Michael Frewin | alfa
Further information:
http://goto.mpg.de/mpg/news/20101011/

More articles from Life Sciences:

nachricht Multi-institutional collaboration uncovers how molecular machines assemble
02.12.2016 | Salk Institute

nachricht Fertilized egg cells trigger and monitor loss of sperm’s epigenetic memory
02.12.2016 | IMBA - Institut für Molekulare Biotechnologie der Österreichischen Akademie der Wissenschaften GmbH

All articles from Life Sciences >>>

The most recent press releases about innovation >>>

Die letzten 5 Focus-News des innovations-reports im Überblick:

Im Focus: Novel silicon etching technique crafts 3-D gradient refractive index micro-optics

A multi-institutional research collaboration has created a novel approach for fabricating three-dimensional micro-optics through the shape-defined formation of porous silicon (PSi), with broad impacts in integrated optoelectronics, imaging, and photovoltaics.

Working with colleagues at Stanford and The Dow Chemical Company, researchers at the University of Illinois at Urbana-Champaign fabricated 3-D birefringent...

Im Focus: Quantum Particles Form Droplets

In experiments with magnetic atoms conducted at extremely low temperatures, scientists have demonstrated a unique phase of matter: The atoms form a new type of quantum liquid or quantum droplet state. These so called quantum droplets may preserve their form in absence of external confinement because of quantum effects. The joint team of experimental physicists from Innsbruck and theoretical physicists from Hannover report on their findings in the journal Physical Review X.

“Our Quantum droplets are in the gas phase but they still drop like a rock,” explains experimental physicist Francesca Ferlaino when talking about the...

Im Focus: MADMAX: Max Planck Institute for Physics takes up axion research

The Max Planck Institute for Physics (MPP) is opening up a new research field. A workshop from November 21 - 22, 2016 will mark the start of activities for an innovative axion experiment. Axions are still only purely hypothetical particles. Their detection could solve two fundamental problems in particle physics: What dark matter consists of and why it has not yet been possible to directly observe a CP violation for the strong interaction.

The “MADMAX” project is the MPP’s commitment to axion research. Axions are so far only a theoretical prediction and are difficult to detect: on the one hand,...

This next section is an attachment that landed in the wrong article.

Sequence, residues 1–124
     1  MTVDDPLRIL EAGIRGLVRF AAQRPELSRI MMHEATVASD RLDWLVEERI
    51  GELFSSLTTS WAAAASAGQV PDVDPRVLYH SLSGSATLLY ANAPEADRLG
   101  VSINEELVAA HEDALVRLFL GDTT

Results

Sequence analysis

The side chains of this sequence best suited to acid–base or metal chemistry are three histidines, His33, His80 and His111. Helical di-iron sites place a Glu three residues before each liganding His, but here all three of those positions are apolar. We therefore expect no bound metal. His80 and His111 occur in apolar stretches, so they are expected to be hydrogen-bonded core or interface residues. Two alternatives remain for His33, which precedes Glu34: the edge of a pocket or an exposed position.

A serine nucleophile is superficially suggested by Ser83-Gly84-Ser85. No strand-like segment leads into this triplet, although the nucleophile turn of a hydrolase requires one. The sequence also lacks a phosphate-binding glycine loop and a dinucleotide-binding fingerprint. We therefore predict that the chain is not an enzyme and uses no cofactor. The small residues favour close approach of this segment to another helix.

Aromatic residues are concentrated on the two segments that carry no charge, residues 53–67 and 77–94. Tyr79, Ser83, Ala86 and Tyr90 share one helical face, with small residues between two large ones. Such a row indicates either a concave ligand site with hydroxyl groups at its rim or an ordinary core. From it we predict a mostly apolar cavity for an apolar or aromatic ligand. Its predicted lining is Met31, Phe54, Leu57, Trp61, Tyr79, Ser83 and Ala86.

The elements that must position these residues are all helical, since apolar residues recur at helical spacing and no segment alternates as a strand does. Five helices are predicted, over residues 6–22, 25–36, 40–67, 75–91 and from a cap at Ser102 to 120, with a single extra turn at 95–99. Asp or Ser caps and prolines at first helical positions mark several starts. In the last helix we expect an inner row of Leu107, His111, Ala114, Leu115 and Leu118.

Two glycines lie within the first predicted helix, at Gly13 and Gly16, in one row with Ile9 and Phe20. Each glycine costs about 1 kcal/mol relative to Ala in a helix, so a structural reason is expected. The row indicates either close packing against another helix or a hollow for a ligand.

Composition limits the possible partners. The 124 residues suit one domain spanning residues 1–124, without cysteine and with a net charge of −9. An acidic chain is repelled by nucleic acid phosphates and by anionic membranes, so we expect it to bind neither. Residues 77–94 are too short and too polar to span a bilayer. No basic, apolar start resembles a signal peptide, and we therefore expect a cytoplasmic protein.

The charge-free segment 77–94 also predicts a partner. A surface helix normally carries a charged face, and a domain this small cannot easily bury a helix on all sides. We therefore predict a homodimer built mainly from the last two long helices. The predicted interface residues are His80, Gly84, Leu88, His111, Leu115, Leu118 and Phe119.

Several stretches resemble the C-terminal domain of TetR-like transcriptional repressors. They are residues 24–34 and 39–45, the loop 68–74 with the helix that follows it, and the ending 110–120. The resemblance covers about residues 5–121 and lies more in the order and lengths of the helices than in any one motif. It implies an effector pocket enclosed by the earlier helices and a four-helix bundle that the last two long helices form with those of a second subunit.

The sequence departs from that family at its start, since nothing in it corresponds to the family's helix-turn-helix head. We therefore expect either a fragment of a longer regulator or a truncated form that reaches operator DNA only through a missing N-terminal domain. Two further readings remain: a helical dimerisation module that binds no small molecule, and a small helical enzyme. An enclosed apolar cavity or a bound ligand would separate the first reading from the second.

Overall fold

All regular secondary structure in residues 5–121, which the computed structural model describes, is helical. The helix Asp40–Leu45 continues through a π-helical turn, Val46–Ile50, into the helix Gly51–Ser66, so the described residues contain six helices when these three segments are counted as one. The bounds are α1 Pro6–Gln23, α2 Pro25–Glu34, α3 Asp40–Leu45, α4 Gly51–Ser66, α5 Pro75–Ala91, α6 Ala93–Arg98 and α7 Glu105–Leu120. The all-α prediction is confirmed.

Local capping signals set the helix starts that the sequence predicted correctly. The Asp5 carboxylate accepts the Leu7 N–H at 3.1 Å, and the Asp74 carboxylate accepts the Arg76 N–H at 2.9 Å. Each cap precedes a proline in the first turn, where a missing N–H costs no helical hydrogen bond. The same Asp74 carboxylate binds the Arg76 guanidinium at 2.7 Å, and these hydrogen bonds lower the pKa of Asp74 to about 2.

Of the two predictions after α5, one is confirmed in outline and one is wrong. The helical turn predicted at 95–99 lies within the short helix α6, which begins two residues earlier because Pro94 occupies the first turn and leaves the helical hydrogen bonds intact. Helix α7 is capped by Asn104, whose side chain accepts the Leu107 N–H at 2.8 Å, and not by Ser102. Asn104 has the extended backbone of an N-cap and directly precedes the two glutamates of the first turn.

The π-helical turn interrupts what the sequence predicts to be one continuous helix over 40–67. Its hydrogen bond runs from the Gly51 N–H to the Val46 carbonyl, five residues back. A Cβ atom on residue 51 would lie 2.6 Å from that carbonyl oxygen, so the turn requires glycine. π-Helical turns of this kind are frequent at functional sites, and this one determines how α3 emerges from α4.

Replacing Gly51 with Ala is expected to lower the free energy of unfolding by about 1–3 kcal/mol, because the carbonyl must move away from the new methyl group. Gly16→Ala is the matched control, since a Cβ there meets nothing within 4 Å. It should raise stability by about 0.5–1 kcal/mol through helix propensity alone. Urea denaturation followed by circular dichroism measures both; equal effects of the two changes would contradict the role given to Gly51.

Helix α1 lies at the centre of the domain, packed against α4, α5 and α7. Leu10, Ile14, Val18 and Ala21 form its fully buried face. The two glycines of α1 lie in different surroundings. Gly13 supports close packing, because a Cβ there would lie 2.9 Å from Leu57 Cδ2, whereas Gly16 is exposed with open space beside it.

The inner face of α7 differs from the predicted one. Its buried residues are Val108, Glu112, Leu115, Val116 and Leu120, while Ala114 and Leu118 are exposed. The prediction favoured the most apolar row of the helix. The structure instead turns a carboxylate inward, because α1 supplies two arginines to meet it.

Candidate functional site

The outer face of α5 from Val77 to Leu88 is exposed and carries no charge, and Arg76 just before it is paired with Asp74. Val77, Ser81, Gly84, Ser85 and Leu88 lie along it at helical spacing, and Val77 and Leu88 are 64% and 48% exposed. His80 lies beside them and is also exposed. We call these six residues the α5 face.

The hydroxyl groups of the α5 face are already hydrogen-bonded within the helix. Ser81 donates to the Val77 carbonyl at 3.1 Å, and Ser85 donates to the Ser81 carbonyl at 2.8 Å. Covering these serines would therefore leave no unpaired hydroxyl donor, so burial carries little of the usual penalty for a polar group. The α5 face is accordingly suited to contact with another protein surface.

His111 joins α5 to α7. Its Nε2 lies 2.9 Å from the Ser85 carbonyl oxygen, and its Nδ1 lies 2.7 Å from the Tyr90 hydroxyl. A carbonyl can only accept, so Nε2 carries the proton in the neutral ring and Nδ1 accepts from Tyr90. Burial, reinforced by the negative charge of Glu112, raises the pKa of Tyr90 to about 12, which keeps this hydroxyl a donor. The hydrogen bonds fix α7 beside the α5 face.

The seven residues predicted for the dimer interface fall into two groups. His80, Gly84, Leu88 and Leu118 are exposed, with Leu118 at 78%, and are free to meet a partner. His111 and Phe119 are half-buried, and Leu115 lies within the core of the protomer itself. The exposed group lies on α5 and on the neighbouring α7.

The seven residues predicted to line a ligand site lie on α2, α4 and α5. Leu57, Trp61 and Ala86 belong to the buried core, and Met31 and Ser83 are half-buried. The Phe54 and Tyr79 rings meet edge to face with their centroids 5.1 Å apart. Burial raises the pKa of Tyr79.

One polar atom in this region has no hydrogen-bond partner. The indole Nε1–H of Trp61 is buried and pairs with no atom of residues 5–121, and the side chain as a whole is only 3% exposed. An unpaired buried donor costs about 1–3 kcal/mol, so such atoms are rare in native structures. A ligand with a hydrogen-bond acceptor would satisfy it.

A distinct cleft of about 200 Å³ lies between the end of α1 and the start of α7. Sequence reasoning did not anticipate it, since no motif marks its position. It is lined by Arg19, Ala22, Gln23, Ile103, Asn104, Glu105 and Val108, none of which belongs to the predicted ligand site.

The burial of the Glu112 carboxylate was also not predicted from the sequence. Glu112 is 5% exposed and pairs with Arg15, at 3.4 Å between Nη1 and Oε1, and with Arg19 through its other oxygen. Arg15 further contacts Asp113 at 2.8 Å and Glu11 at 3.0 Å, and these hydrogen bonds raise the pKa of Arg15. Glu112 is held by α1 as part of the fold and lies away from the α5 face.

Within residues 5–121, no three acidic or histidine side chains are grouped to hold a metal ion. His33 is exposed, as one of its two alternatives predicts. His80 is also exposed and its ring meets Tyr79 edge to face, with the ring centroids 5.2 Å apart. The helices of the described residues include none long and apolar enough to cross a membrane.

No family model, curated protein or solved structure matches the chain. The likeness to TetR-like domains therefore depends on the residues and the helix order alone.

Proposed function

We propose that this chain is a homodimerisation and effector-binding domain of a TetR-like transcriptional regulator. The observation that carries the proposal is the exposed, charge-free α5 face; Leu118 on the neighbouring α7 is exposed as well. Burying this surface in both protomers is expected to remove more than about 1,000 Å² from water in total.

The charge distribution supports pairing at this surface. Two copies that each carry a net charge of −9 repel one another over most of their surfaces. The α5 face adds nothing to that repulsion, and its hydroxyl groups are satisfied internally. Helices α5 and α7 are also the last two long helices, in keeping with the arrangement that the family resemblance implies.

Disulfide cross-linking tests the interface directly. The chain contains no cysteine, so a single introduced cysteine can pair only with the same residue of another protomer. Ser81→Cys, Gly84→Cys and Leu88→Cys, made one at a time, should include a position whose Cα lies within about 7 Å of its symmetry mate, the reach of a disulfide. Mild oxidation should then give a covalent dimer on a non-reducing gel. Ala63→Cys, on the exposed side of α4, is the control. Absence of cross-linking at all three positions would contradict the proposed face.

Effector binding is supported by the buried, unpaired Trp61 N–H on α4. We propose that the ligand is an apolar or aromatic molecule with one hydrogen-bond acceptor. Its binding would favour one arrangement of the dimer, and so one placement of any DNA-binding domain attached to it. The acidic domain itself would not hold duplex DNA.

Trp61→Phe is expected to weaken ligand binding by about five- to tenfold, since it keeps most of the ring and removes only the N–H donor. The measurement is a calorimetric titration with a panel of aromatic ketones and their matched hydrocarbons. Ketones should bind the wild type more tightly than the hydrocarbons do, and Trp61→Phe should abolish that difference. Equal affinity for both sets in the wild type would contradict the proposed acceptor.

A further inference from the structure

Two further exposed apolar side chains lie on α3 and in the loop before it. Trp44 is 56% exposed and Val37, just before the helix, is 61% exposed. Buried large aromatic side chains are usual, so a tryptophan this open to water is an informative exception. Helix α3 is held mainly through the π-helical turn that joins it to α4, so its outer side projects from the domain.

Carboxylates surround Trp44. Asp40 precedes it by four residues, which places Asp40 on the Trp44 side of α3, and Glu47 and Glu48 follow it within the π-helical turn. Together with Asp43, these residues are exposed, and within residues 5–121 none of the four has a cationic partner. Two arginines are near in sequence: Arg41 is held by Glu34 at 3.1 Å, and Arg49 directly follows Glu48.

Im Focus: Molecules change shape when wet

Broadband rotational spectroscopy unravels structural reshaping of isolated molecules in the gas phase to accommodate water

In two recent publications in the Journal of Chemical Physics and in the Journal of Physical Chemistry Letters, researchers around Melanie Schnell from the Max...

Im Focus: Fraunhofer ISE Develops Highly Compact, High Frequency DC/DC Converter for Aviation

The efficiency of power electronic systems is not solely dependent on electrical efficiency but also on weight, for example, in mobile systems. When the weight of relevant components and devices in airplanes, for instance, is reduced, fuel savings can be achieved and correspondingly greenhouse gas emissions decreased. New materials and components based on gallium nitride (GaN) can help to reduce weight and increase the efficiency. With these new materials, power electronic switches can be operated at higher switching frequency, resulting in higher power density and lower material costs.

Researchers at the Fraunhofer Institute for Solar Energy Systems ISE together with partners have investigated how these materials can be used to make power...

All Focus news of the innovation-report >>>

Anzeige

Anzeige

Event News

ICTM Conference 2017: Production technology for turbomachine manufacturing of the future

16.11.2016 | Event News

Innovation Day Laser Technology – Laser Additive Manufacturing

01.11.2016 | Event News

#IC2S2: When Social Science meets Computer Science - GESIS will host the IC2S2 conference 2017

14.10.2016 | Event News

 
Latest News

UTSA study describes new minimally invasive device to treat cancer and other illnesses

02.12.2016 | Medical Engineering

Plasma-zapping process could yield trans fat-free soybean oil product

02.12.2016 | Agricultural and Forestry Science

What do Netflix, Google and planetary systems have in common?

02.12.2016 | Physics and Astronomy

VideoLinks
B2B-VideoLinks
More VideoLinks >>>